WEB SALES: FTC Cracks Down on Misleading Health Info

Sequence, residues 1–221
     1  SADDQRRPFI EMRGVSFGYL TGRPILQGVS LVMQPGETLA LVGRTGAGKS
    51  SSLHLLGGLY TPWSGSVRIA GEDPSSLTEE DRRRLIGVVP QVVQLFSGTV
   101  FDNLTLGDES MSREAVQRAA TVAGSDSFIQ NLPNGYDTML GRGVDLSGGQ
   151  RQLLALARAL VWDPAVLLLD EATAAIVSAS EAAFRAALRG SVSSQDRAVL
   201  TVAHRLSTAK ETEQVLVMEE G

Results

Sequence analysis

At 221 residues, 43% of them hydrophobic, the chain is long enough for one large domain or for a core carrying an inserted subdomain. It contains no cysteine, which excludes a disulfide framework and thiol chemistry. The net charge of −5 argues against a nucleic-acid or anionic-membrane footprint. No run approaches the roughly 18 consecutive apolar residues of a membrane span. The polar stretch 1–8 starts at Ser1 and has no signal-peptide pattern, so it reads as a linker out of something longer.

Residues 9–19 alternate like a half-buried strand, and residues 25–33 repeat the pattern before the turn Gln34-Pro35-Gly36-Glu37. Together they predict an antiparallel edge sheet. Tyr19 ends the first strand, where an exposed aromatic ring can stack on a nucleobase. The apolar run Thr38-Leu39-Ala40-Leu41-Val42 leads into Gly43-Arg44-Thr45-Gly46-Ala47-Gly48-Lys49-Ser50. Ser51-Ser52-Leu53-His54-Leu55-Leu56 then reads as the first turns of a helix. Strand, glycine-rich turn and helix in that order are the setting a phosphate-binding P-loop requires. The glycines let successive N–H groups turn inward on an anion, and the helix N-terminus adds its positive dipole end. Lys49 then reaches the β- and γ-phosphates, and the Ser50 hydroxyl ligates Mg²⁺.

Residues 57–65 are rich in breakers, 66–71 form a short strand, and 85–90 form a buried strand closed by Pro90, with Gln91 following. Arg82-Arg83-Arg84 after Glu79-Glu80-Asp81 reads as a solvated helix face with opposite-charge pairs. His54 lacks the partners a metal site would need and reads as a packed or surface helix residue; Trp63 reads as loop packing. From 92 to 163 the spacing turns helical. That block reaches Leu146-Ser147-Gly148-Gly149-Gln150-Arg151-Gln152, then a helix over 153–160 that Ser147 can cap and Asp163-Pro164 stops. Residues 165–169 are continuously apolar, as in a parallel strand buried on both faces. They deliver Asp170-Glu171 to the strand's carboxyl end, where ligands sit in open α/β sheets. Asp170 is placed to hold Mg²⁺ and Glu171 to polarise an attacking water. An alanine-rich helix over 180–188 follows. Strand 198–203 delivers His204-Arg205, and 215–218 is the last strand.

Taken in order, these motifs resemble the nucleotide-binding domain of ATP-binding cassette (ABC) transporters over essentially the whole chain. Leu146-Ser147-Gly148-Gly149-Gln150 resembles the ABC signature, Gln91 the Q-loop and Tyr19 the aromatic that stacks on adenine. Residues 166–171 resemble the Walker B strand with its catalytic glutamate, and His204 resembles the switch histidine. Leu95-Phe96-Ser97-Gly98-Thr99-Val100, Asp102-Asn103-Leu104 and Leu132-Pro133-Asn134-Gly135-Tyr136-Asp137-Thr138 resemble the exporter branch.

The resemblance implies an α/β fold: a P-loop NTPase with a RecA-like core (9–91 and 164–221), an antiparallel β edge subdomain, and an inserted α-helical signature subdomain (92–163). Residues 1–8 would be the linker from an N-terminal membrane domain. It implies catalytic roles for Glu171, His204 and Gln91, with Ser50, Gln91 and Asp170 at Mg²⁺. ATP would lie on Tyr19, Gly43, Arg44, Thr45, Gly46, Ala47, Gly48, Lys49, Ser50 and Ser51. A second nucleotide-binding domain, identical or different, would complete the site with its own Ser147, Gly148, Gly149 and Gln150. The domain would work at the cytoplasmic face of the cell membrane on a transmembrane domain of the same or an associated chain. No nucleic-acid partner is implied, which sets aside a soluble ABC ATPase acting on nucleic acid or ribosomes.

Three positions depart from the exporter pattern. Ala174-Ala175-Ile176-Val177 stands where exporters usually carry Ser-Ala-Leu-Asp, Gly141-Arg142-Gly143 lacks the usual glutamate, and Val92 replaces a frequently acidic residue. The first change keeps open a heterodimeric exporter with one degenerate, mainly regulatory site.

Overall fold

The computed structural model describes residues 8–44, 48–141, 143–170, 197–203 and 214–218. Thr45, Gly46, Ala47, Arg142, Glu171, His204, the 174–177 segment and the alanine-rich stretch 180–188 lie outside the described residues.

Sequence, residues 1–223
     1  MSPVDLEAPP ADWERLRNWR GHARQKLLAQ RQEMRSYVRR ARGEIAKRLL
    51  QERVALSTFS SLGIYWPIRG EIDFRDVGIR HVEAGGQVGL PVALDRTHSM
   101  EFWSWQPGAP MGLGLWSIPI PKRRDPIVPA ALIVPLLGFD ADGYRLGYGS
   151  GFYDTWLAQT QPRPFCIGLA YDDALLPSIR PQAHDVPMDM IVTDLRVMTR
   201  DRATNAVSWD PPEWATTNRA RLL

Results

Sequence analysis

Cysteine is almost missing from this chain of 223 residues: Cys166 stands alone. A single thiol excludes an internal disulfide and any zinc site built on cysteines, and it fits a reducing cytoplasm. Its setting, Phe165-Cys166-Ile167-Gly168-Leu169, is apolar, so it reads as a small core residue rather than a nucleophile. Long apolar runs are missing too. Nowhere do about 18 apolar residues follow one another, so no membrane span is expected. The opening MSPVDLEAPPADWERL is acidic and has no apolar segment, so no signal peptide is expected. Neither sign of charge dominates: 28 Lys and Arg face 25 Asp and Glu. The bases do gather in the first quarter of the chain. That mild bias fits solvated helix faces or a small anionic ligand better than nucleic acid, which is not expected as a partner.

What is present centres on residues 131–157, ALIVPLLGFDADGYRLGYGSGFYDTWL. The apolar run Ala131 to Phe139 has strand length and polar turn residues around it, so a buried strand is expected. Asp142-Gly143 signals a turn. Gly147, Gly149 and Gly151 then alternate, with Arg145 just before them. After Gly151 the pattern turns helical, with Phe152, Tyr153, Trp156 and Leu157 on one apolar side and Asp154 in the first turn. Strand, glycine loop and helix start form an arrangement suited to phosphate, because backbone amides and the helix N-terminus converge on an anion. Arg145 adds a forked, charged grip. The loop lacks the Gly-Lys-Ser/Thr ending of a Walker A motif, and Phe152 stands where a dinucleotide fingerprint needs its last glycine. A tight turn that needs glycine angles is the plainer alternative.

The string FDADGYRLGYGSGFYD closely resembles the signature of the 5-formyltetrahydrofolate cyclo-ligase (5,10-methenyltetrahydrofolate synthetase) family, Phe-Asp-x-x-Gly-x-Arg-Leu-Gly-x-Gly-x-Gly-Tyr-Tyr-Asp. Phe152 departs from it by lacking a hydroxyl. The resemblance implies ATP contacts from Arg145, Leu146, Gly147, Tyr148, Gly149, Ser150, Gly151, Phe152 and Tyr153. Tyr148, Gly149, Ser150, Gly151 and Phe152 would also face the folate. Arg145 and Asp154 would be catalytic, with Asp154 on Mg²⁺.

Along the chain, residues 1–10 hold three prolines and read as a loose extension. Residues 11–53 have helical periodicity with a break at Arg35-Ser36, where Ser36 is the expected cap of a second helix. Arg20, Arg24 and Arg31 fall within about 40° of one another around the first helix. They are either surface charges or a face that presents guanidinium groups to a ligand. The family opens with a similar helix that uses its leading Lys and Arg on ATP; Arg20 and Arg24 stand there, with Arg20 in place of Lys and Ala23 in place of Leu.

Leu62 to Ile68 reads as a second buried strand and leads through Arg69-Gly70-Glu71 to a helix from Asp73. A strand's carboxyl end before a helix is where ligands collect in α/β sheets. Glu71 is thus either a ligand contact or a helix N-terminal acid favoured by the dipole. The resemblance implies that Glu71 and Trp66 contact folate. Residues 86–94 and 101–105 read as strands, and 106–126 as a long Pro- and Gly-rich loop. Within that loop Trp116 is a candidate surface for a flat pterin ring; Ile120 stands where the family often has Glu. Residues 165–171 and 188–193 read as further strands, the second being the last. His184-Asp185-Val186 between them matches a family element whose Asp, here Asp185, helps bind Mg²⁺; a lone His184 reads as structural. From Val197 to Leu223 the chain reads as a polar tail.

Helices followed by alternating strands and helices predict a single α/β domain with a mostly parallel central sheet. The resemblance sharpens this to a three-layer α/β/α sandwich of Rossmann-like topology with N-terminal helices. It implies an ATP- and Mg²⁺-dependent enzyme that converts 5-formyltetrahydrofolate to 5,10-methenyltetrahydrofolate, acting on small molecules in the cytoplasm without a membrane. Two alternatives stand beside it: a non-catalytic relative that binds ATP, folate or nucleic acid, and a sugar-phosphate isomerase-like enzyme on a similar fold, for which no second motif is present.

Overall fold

In an effort to stop companies from misleading Internet users with faulty health claims and deceptive sales pitches, the FTC is expected today to announce legal settlements with four businesses "accused of deceptively marketing health products on the Internet." Although the FTC won't reveal the companies' names, officials say the groups have been "advertising and selling products such as shark-cartilage tablets and magnetic-therapy devices to treat a variety of ailments including arthritis, cancer, chronic back pain, HIV/AIDS, impotence and obesity." According to the American Cancer Society, "Scientific studies have produced no evidence that shark cartilage can prevent or cure cancer in humans." So far, the FTC has found 800 Web sites containing inaccurate health claims. Many think the 1994 law giving "marketers more latitude to explain the 'structure' and 'function' of their products, so long as they didn't falsely promote them as cures, treatments or preventatives" have spurred the increasing number of fraudulent claims. The Wall Street Journal reports that 36% of "regular" Internet users get "important health information from the Web." Jodie Bernstein, director of the FTC's consumer-protection bureau, said, "People are really going to the Internet for a lot of health information. It's a new way for consumers to educate themselves -- if the information is good. We want to be sure that we maintain the standards in this new medium." David Arjona, owner of the Web site World Without Cancer, which claims that shark cartilage is an effective cancer therapy, said, "We're just trying to help people. What would you do if your spouse or mother had cancer and people are telling you there is nothing that can be done? You would go on the Web." He said the FTC "should not tell anyone what they can and cannot buy on the Internet. It's a free world" (Simons, Wall Street Journal, 6/24).This is part of the California Healthline Daily Edition, a summary of health policy coverage from major news organizations. Sign up for an email subscription.